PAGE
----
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Usage examples for Dabster

  1. Can a more triumphant imbecile, a more abject dabster a more stercoraceous bourgeois be found! – The George Sand-Gustave Flaubert Letters by George Sand, Gustave Flaubert Translated by A.L. McKensie
  2. " But I mean the big brother stuff," his companion said; " I'm not so much of a dabster at that. – Tom Slade at Black Lake by Percy Keese Fitzhugh
  3. The major was at first not a little surprised at the manner of his visitor; but being himself a dabster at great things, he soon recognized the quality of the new comer, and came forth to meet him in all his uniform, not even forgetting his three cornered hat, which he passed with his left hand while making an unexceptionable bow. – The Life and Adventures of Maj. Roger Sherman Potter by "Pheleg Van Trusedale" A pseudonym for Francis Colburn Adams
  4. I'm something of a dabster at law myself, and I'll see that Kitsong don't railroad you into jail. – They of the High Trails by Hamlin Garland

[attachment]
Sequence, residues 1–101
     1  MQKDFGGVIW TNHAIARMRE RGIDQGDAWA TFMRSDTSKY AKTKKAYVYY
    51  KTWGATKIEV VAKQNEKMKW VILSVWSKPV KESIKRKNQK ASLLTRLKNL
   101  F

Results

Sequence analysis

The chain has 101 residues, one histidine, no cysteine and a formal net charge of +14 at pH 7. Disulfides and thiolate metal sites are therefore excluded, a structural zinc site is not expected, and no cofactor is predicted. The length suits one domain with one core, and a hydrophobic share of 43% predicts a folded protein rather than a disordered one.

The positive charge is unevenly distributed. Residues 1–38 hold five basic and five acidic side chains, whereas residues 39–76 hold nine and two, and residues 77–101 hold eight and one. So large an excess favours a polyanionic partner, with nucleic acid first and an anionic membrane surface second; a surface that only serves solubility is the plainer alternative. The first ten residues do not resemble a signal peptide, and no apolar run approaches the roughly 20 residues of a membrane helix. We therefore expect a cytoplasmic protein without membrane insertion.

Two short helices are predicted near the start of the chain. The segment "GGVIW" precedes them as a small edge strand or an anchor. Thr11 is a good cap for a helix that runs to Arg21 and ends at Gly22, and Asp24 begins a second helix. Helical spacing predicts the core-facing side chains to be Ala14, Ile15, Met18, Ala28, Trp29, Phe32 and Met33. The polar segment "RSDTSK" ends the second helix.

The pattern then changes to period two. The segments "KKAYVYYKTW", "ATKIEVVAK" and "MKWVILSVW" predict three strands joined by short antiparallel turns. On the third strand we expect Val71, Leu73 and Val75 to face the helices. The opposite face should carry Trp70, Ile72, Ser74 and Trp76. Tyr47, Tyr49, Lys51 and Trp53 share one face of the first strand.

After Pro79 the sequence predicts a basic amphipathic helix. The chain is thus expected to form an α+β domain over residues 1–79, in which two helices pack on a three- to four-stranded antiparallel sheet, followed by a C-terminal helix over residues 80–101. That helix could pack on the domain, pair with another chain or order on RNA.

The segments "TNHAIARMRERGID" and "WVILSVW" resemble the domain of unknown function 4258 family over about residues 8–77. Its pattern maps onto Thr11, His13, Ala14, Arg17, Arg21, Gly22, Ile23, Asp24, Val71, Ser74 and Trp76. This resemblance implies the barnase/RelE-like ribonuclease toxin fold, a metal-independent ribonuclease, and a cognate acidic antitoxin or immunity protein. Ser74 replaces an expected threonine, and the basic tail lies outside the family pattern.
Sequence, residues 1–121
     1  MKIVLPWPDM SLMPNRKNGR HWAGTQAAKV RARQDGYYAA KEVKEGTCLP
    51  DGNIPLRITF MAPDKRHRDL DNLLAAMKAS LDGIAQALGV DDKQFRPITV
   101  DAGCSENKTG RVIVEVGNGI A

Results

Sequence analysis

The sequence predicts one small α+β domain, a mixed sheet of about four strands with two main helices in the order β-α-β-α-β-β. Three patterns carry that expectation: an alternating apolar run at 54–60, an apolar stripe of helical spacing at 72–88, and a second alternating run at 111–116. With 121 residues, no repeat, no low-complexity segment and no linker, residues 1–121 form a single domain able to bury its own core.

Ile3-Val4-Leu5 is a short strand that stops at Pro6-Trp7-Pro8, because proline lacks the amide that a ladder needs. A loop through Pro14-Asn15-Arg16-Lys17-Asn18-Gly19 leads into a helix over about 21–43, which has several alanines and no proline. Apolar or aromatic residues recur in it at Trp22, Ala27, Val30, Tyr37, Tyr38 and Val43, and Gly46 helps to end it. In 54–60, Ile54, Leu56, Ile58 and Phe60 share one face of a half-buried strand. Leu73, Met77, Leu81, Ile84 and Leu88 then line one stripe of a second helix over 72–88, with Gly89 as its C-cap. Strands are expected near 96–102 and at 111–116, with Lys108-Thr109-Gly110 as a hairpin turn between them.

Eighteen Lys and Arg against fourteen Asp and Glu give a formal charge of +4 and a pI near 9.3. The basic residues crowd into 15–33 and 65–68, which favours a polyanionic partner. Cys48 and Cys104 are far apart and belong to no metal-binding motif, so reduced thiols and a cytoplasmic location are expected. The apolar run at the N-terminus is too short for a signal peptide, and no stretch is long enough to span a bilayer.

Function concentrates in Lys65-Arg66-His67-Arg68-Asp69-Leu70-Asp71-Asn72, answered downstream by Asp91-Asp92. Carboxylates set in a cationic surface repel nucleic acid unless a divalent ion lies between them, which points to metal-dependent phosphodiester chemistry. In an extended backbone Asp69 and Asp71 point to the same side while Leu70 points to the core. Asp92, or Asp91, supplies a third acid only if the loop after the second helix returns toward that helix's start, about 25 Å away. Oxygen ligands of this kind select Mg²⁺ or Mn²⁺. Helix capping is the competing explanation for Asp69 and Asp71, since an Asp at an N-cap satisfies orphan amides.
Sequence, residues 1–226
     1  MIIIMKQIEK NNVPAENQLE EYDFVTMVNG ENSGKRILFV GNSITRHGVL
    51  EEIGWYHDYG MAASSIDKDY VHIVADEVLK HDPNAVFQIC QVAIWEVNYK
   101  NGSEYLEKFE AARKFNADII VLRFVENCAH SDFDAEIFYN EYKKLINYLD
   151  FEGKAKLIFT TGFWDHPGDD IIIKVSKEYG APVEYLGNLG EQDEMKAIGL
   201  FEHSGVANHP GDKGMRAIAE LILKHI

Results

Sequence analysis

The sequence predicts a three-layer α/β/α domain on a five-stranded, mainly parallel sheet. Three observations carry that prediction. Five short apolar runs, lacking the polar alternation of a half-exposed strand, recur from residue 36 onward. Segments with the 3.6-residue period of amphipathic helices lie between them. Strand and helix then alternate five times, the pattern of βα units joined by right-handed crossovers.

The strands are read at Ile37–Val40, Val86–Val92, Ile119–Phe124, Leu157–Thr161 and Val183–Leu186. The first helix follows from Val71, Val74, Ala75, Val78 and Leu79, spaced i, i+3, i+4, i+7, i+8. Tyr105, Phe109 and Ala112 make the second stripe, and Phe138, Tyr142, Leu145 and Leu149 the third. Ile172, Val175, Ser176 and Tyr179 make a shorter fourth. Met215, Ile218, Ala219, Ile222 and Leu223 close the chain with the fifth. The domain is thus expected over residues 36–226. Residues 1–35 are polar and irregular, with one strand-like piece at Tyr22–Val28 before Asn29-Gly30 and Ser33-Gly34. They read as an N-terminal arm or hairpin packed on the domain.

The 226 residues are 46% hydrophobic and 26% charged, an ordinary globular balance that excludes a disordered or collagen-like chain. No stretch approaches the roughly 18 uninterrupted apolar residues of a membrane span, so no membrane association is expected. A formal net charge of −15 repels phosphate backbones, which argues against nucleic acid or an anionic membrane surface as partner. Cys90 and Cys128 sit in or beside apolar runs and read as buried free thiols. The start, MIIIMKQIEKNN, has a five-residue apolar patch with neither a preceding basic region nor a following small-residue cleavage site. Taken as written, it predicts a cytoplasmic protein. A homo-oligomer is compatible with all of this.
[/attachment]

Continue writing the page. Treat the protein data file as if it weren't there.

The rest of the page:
5. " Yes, I was a dabster at it when I was in the -- th. – Burr Junior by G. Manville Fenn
  6. Johnny is a dabster at that. – Dick in the Everglades by A. W. Dimock
  7. " I'll admit you're a dabster Evelyn, dear," she cried, " but you will have to get up early in the morning to get the best of your little friend." – Lucile Triumphant by Elizabeth M. Duffield
  8. However, as generals were not always to be judged either by their epistles or conversation, so the rotund figure, he thought, might prove himself a dabster in war as well as politics. – The Life and Adventures of Maj. Roger Sherman Potter by "Pheleg Van Trusedale" A pseudonym for Francis Colburn Adams
  9. But I was afraid of Stone- he's a born dabster at mathematics, you know, and I only hold my own in them by hard digging." – Lucy Maud Montgomery Short Stories, 1905 to 1906 by Lucy Maud Montgomery
  10. Here is where the dabster betrays himself. – If You're Going to Live in the Country by Thomas H. Ormsbee and Richmond Huntley
  11. You could use a knuckle- dabster of fur or cloth to rest your hand on, but it was considered effeminate, and in the excitement you were apt to forget it, anyway. – A Boy's Town by W. D. Howells